I’ve talked before about how literary criticism is in a strange place in the 21st century, forced almost completely off of the printed pages it’s occupied in the past, relegated mostly to websites that have to come up with good clickbait headlines to get anybody to read about literature. The book review just hasn’t been able to compete with “22 Reasons You Should Read this Book”-type listicles. That doesn’t mean literary criticism will go away; like literature in general, it just needs to figure out a better way to get people to pay attention.
Case in point: this line from the recent Vanity Fair article, “It’s Tartt — But Is It Art?”:
[T]here are those who profess to be higher brows still than The New York Times—the secret rooms behind the first inner sanctum, consisting, in part, of The New Yorker, The New York Review of Books, and The Paris Review, three institutions that are considered, at least among their readers, the last bastions of true discernment in a world where book sales are king and real book reviewing has all but vanished.
The piece, which takes a look at the disconnect between a few critics’ less-than-stellar reviews of Donna Tartt’s The Goldfinch and the million-plus print and digital copies of the book that have been sold, not to mention the the Pulitzer Prize it picked up, is centered around a question that really doesn’t get answered: “What makes a work ‘literature,’ and who gets to decide?”
The simple answer would be that the reader gets to decide, that over a million people could be wrong about a novel’s quality, no matter what James Wood says (“Its tone, language, and story belong in children’s literature,” is what he said), because people like The Big Bang Theory and Kid Rock somehow still has a career, which is as much proof as anyone needs that the masses like cultural products that aren’t very good. Just because a certain number of people buy something, that doesn’t mean it’s worthwhile. But let’s be honest — you might not like The Goldfinch, but it isn’t Nickelback, it isn’t a film starring Kevin James, and it isn’t “proof of the infantilization of our literary culture,” as Wood puts it.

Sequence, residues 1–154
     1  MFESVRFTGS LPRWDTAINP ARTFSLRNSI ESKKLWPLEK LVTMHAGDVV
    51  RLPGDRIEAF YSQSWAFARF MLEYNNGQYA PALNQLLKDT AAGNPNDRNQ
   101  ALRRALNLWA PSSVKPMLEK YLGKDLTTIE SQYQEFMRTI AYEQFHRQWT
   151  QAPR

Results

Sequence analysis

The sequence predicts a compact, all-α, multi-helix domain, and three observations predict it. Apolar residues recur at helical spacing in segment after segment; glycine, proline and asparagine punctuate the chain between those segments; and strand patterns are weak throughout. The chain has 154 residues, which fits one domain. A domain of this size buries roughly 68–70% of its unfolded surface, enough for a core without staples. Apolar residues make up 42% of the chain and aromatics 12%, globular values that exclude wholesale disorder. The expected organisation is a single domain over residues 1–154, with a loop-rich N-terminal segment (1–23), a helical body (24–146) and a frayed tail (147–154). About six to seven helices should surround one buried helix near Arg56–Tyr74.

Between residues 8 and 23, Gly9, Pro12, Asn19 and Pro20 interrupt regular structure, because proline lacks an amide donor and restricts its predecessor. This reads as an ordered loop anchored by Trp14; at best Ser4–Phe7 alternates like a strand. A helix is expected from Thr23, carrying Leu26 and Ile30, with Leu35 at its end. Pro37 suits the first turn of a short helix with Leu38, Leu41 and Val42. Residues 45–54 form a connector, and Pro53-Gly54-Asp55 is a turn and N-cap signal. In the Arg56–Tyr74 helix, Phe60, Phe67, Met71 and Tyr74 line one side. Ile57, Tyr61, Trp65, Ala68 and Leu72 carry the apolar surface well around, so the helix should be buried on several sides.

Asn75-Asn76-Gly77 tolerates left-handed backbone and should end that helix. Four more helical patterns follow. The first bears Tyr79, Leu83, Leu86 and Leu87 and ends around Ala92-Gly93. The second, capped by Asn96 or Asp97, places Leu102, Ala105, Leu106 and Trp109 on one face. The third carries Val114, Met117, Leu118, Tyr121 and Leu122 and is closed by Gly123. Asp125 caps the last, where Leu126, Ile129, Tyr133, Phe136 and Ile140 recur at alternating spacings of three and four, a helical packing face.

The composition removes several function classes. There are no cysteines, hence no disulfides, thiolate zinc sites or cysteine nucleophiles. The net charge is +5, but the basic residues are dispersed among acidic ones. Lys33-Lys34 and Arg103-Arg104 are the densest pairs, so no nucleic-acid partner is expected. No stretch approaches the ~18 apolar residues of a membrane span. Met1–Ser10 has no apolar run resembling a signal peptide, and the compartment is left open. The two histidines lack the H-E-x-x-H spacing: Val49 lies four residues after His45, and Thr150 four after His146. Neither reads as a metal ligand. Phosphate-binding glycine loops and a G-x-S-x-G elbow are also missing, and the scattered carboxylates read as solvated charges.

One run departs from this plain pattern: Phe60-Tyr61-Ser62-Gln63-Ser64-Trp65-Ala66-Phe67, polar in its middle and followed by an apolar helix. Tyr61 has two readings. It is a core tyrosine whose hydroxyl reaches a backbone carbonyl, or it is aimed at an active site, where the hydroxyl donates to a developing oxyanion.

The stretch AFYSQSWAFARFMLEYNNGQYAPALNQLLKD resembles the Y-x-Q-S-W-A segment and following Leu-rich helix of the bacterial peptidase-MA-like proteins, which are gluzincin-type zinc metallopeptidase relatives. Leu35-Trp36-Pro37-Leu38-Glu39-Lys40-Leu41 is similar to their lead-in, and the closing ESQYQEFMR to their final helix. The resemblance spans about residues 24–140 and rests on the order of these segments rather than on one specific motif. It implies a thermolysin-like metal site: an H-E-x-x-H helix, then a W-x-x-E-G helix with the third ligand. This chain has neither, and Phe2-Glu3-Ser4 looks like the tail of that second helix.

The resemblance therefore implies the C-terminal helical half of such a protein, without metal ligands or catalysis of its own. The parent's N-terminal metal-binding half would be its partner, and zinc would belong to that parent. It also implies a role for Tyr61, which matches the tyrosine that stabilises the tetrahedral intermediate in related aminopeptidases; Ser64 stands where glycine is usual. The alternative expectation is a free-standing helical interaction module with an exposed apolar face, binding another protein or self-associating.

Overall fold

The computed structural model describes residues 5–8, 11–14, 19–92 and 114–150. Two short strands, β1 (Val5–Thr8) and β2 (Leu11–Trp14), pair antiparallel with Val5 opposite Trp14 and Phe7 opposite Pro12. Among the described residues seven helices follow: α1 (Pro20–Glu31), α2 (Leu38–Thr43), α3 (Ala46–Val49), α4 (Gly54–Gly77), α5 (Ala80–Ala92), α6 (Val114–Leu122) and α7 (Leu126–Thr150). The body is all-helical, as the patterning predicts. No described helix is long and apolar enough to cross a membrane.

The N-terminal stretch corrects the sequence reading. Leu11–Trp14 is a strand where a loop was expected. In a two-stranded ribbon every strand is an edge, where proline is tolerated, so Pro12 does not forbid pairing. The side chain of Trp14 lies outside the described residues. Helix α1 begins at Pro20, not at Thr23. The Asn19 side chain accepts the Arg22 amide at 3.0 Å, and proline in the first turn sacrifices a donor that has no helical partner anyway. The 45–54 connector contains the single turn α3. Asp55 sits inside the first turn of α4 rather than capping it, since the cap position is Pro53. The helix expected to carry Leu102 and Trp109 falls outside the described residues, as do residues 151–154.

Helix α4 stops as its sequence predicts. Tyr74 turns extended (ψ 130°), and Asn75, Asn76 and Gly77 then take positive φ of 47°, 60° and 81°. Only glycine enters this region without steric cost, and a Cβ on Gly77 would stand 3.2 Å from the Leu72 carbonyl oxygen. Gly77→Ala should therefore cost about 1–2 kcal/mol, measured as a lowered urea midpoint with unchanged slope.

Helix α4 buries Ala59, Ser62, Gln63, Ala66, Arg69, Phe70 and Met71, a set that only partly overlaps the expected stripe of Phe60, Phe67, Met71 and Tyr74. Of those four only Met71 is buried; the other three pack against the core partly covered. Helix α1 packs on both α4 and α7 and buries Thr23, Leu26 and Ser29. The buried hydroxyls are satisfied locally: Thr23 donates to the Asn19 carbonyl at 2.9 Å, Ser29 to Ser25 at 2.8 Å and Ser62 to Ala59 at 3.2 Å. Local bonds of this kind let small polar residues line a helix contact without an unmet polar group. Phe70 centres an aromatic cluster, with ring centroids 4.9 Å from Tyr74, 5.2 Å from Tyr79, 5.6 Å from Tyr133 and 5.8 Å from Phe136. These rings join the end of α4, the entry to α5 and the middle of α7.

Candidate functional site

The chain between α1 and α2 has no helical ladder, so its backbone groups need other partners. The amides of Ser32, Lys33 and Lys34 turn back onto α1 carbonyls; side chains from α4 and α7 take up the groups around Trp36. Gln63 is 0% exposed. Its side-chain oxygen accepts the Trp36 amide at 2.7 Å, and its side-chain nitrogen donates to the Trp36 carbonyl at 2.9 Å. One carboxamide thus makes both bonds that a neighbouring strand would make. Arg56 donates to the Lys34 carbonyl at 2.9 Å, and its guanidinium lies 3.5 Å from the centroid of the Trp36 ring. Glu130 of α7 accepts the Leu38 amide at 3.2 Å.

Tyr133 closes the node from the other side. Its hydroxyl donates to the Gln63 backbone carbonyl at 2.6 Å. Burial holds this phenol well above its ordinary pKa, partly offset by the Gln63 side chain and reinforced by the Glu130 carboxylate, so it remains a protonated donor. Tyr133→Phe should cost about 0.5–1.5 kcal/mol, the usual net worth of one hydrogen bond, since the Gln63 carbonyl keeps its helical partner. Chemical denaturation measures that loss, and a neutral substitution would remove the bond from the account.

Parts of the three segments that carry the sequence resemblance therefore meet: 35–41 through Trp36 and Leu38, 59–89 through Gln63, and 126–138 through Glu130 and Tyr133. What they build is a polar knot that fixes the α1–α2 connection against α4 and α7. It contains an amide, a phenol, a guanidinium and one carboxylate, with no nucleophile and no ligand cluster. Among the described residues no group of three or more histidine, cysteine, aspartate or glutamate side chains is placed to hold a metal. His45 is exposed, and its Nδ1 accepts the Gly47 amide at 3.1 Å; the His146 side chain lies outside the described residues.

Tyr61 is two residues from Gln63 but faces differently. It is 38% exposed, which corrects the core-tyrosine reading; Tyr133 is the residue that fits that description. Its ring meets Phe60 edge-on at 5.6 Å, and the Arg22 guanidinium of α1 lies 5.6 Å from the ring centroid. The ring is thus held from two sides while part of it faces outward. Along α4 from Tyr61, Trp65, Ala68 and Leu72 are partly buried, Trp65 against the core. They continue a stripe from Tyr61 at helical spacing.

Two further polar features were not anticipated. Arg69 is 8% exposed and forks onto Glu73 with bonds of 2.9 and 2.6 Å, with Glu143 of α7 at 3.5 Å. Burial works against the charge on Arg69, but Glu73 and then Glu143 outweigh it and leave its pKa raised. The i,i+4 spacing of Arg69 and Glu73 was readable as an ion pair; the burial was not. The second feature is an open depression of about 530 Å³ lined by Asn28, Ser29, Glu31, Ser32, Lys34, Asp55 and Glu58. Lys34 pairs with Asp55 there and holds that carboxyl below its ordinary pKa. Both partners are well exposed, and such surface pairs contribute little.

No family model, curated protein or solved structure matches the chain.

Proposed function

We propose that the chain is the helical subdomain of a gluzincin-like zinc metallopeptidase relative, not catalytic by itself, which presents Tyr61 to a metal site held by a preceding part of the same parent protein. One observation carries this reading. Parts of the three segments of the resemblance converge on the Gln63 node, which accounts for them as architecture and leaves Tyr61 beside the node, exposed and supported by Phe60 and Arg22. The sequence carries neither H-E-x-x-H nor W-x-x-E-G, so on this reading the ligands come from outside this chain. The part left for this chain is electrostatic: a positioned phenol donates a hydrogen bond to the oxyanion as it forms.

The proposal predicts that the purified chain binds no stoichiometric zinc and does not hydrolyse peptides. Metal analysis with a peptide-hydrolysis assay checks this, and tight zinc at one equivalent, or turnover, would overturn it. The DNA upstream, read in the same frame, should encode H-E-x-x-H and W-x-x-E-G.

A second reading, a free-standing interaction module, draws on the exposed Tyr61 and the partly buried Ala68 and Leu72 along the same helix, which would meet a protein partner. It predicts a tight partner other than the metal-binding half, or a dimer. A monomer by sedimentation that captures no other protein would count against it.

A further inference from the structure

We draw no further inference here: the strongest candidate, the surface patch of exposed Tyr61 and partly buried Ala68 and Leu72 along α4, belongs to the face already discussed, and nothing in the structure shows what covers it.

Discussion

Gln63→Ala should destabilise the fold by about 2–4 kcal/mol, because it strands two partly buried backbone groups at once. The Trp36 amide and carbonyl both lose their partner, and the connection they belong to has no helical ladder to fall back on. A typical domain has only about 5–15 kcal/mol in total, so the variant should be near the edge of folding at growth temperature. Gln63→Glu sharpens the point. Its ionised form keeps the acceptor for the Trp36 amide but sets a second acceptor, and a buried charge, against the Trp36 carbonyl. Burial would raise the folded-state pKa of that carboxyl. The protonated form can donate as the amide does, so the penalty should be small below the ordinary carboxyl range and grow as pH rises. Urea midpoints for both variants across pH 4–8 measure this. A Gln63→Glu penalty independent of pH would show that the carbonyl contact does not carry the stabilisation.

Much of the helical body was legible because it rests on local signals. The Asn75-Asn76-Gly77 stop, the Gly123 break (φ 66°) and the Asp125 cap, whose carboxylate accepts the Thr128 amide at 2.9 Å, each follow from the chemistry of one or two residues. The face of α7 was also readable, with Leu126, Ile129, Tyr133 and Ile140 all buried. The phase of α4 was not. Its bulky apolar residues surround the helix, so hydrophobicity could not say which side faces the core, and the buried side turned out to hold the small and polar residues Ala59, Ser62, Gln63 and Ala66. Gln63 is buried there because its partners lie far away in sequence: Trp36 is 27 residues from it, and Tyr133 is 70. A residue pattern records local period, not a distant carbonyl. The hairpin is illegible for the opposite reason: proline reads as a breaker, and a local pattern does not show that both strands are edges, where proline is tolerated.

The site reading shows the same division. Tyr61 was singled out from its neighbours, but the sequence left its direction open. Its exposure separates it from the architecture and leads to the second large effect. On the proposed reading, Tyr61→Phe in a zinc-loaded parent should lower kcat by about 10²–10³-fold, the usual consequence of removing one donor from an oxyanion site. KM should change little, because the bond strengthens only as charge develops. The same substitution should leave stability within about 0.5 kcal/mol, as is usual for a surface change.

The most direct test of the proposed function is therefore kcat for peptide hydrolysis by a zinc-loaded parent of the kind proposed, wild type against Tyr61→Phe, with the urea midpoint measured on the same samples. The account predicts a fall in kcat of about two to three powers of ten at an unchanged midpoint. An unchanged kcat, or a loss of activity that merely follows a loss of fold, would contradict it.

But as the piece goes on, it becomes less about what’s good and bad or what counts as literature, as the piece’s author, Evgenia Peretz, turns her focus to another arbitrary concept that doesn’t actually exist: “the long war over membership in the pantheon of literary greatness,” that several “literary lions” like Norman Mailer and John Updike were the guardians of — before they died. Peretz then goes on to mention “authors who feel they’ve been unfairly ignored by critics” like Jennifer Weiner, and ultimately turns her ire to how Lena Dunham “discovered” Tartt because of the writer’s “cool persona” (Peretz’s words, not Dunham’s).
The ultimate takeaway is that no author is ever truly happy with where they’re at professionally, and that “the stalwarts” don’t get that Tartt “spent all this time writing a big enjoyable book and moved on,” because they don’t like The Goldfinch. As Lorin Stein of The Paris Review points out, “What worries me is that people who read only one or two books a year will plunk down their money for The Goldfinch, and read it, and tell themselves they like it, but deep down will be profoundly bored, because they aren’t children, and will quietly give up on the whole enterprise when, in fact, fiction — realistic fiction, old or new — is as alive and gripping as it’s ever been.”
While I ultimately agree with Stein on that point, I wonder about the people buying one or two books a year. Should the books they read next hinge on whether or not the purchase helps to prop up a power dynamic that places “literary lions” in a binary opposition against the rest of the book-buying world? Are things that dire? Does it really take one bad experience to turn them off to fiction forever? And shouldn’t it give us hope that people who are only buying one book a year might be picking up Donna Tartt instead of, say, Dan Brown?
I get that some critics don’t love The Goldfinch. Yet the fact that this one book’s popularity among readers can cause so much controversy exposes not just how little the public pays attention to what we perceive to be “highbrow” literary criticism, but also that American literature is in a really awkward place in which the reputation of a popular, Pulitzer-winning novel is at stake simply because a few critics at a handful of highbrow publications didn’t like it. If this conversation represents where we’re at, what we read, what we like, and who should help guide us toward new titles, then something is seriously amiss.